I was inspired by Landis’ founder, David Landis, as I was hunting for writing inspiration from LCI’s past. After many clicks to “older posts” on our website, I finally found it: I Worry When You Say, “No Worries!”
It brought me back to 2015 when I worked as a sales associate at Nordstrom and was helping a customer. She said, “Thank you,” to which I replied, “No problem.” Before I could blink, she said, “Why do people say that? They say, ‘no problem?’ and not, ‘you’re welcome’ when someone says, ‘thank you.’ It shouldn’t be a problem to help a customer!”
This humiliating-at-the-time interaction with her obliterated no problem from my vocabulary in point two seconds, and I’m relieved to say it hasn’t returned. I respected this woman’s perspective, though it was years later when I truly understood what she meant. I could hear my mother in my ear when I was a kid, “when someone says ‘sorry’ for hurting you, don’t say ‘it’s ok,’ say, ‘thank you’ because you’re accepting their apology, not them hurting you.” Ok, so it’s a little different, but linguistics matter, nonetheless! And in this case, “no problem” is suitable in a situation where someone is apologizing to you for a mistake they made, not for hurting you (i.e., “my apologies,” to which the response would be “no problem” or “it’s ok”). You get the gist.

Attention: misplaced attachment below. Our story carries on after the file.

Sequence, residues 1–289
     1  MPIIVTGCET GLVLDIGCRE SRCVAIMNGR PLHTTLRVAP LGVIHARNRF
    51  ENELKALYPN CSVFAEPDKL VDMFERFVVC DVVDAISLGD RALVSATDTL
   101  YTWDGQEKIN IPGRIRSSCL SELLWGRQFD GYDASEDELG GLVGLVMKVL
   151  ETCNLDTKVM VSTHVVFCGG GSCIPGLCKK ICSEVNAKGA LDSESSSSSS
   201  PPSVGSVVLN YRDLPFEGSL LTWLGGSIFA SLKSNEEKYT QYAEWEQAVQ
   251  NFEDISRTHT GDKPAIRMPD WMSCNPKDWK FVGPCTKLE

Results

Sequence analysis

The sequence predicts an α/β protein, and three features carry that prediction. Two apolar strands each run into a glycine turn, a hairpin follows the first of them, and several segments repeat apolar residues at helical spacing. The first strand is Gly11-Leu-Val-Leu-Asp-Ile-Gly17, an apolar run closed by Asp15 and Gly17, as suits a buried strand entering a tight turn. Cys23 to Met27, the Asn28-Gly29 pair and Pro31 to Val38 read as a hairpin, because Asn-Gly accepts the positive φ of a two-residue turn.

What was the problem in the first place?
Years after this awakening, I was on a road trip and made a desperate stop at a fast-food chain (which I will not name) to 1. use the restroom and 2. EAT. I thanked the person who took my order. “My pleasure,” they replied. Then, I heard the person ordering next to me say, “thank you,” and “my pleasure” followed. “Genius!” I thought. This place instilled in their employees to express “my pleasure,” which made me feel warm and fuzzy inside as if they genuinely enjoyed my presence. This response was SO much better than, “you’re welcome”! Noted.
As a relationship builder and fastidious customer service guru, I want to know all the ways in which I can be more gracious and foster relationships with others. My career in public relations echoes the importance of speaking sincerely and properly. While saying “no problem” is not grammatically flawed, it implies that the person you are speaking to has caused an inconvenience. Are our clients an inconvenience? Never. As with grammar, your etiquette reflects your image: good or bad, you are in control of it.
Whether you are in communications or working in the fast-food industry, I encourage you to trade “no problem” and “no worries” for the more positive and friendly “my pleasure.” I promise you; it feels good to say it and adds a heightened sense of gratitude to whom you say it.
Photo courtesy of Pixabay